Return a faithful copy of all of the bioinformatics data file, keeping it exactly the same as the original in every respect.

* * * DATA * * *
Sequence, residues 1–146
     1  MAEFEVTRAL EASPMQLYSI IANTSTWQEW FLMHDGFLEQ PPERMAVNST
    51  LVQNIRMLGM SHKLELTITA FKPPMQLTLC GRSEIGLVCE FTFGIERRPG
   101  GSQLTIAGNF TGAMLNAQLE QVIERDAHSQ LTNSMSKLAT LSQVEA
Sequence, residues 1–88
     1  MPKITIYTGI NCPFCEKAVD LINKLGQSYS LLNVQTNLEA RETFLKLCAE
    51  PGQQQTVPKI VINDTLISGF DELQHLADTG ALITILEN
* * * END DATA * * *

Sequence, residues 1–146
     1  MAEFEVTRAL EASPMQLYSI IANTSTWQEW FLMHDGFLEQ PPERMAVNST
    51  LVQNIRMLGM SHKLELTITA FKPPMQLTLC GRSEIGLVCE FTFGIERRPG
   101  GSQLTIAGNF TGAMLNAQLE QVIERDAHSQ LTNSMSKLAT LSQVEA
Sequence, residues 1–88
     1  MPKITIYTGI NCPFCEKAVD LINKLGQSYS LLNVQTNLEA RETFLKLCAE
    51  PGQQQTVPKI VINDTLISGF DELQHLADTG ALITILEN